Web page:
Brett Kavanaugh and the cult of the victim

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So I don’t like Brett Kavanagh. He looks like a creepy, smarmy, stop at nothing type. A privileged member of some naked bar slide fraternity, a lude comments dude, who between swatting for school and subsequently his Yale College cum laude in American history, would still find the time to be a greasy sexual predator.

He is worthy of accusation. Just look at him. How can he not be? Now Christine Blasey Ford Ford on the other hand is a woman, therefore a victim. She must be right.

Ok, done. Don’t mind the  presumption of innocence, evidence even.

Who needs a criminal justice system when we can just exercise, personal dislikes and assumption in an outbreak of #imwithher.

The most tantalizing trial in the US since OJ Simpson, has a new hero. Christine Blasey Ford seems to be the toast of the liberal elite for delivering allegations, rather than an actual conviction.

Obviously, #metoo and similar movements have helped women come forward and standing up to creepy sexual pigs and rapists, which is crucial, but since victimhood has become fetishised by society, it is used as a political tool, and very often not actually helping real victims. The current sex panic has been sensationalised in order to character assassinate Kavanaugh in a case of weaponised #metoo.

Ultimately, the FBI investigation will determine whether there’s a case or cases to answer, but in the meantime, none of us were at said party on July 1st 1982, so we have no idea what happened. We will never know the full details, as memory is a tricky thing. It lives in the same house as imagination.

If were to try to get my friends to recall what I was wearing last Saturday, I’d get a different description from all of them, especially with booze involved,  but it seems in this era where victimhood is more coveted than truth, facts don’t matter.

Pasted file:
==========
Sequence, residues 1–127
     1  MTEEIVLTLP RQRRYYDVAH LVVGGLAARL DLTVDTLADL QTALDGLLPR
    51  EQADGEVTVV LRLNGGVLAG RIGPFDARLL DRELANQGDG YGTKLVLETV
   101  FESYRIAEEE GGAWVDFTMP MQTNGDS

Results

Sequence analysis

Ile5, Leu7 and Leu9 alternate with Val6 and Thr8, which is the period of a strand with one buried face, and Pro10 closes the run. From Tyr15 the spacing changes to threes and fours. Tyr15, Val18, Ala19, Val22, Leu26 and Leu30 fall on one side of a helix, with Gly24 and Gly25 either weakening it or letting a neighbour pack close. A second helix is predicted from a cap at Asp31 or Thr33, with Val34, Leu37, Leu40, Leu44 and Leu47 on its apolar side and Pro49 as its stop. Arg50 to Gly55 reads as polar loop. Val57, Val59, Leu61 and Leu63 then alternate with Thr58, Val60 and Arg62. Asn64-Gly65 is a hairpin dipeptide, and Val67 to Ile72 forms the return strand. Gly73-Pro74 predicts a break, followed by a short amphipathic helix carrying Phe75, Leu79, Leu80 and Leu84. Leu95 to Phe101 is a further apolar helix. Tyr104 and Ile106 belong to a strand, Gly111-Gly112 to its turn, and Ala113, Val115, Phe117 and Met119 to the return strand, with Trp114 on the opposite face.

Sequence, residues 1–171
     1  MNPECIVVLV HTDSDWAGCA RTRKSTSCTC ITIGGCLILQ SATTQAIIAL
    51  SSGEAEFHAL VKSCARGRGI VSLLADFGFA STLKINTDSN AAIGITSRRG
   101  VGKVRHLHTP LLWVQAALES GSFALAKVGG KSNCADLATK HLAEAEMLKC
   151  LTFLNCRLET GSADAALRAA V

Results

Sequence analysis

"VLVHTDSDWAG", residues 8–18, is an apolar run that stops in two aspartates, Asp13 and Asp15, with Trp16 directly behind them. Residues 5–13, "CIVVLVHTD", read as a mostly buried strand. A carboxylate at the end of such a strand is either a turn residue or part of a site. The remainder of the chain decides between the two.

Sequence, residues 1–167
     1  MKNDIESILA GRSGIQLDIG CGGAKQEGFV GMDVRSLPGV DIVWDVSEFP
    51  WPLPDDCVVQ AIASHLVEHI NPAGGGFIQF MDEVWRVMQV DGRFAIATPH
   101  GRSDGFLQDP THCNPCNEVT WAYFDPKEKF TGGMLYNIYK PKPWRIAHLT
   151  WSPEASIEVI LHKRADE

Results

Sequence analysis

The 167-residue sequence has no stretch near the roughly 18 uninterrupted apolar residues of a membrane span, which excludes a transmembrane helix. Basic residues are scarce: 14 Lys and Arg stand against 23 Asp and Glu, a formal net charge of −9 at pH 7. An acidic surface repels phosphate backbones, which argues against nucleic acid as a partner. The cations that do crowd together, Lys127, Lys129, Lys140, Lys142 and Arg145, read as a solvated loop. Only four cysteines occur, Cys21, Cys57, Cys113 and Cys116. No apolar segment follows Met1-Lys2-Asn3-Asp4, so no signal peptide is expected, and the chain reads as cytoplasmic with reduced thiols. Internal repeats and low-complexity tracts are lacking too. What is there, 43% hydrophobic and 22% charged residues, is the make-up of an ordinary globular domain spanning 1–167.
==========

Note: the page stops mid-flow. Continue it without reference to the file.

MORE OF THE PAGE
Mass hysteria has set in. I was just reading a social media post asking women how they would feel about a 9pm curfew for men. Their responses were predictable:  ‘I’d be free, no one would chat me up, my life would be amazing etc.” For me it would be terrible. awful in fact. My male friends are the craic. Plus men, who are violent, sexual beasts will perpetrate sexual, feral acts at home.

Why after all this good work, are women imprisoning themselves, holding themselves back, judging? Womens non fiction is dominated by ‘ustoo’ inspirational codswallop.  ‘Let’s be victims of too much food, too many Pinot Grigios, crying in the shower together, we’re depressed, anxious, at the mercy of the evil patriarchy. You’re not alone. All girls are like this.’ It’s insulting. Grotesque even.

In his book, The Rise of Victimhood Culture, Bradley Campbell, Associate Professor of Sociology at California State University says: “People in a victimhood culture are high sensitivity to slight. They’re quite touchy, and always vigilant for offenses. Insults are serious business, and even unintentional slights might provoke a severe conflict.”

How is that progress? Women should not buy into this. We are not living in the Victorian era.

I’ve had #enough. I don’t like Brett Kavanaugh, and I don’t like sexual predators or rapists, but I don’t like this cult of victimhood that is bleeding into society, making women out to be weak whimpering, scared, fearful, cry babies, a sisterhood of scar tissue, who can’t get over themselves. It has to stop.

If this alleged incident with Mr Kavanaugh was the worst thing that happened to Ms Ford, as its made out, then her life hasn’t been that bad.

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